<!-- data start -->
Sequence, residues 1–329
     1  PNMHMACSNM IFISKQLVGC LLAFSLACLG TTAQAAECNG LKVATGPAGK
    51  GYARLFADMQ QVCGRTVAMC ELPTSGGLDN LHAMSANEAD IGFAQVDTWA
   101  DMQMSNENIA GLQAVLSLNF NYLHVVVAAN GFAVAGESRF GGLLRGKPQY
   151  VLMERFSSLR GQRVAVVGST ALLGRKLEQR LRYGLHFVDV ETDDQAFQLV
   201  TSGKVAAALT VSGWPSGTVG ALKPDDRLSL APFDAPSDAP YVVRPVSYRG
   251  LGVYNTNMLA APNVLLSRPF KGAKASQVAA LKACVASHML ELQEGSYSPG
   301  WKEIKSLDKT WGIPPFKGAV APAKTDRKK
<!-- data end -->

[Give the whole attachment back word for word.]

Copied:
Sequence, residues 1–329
     1  PNMHMACSNM IFISKQLVGC LLAFSLACLG TTAQAAECNG LKVATGPAGK
    51  GYARLFADMQ QVCGRTVAMC ELPTSGGLDN LHAMSANEAD IGFAQVDTWA
   101  DMQMSNENIA GLQAVLSLNF NYLHVVVAAN GFAVAGESRF GGLLRGKPQY
   151  VLMERFSSLR GQRVAVVGST ALLGRKLEQR LRYGLHFVDV ETDDQAFQLV
   201  TSGKVAAALT VSGWPSGTVG ALKPDDRLSL APFDAPSDAP YVVRPVSYRG
   251  LGVYNTNMLA APNVLLSRPF KGAKASQVAA LKACVASHML ELQEGSYSPG
   301  WKEIKSLDKT WGIPPFKGAV APAKTDRKK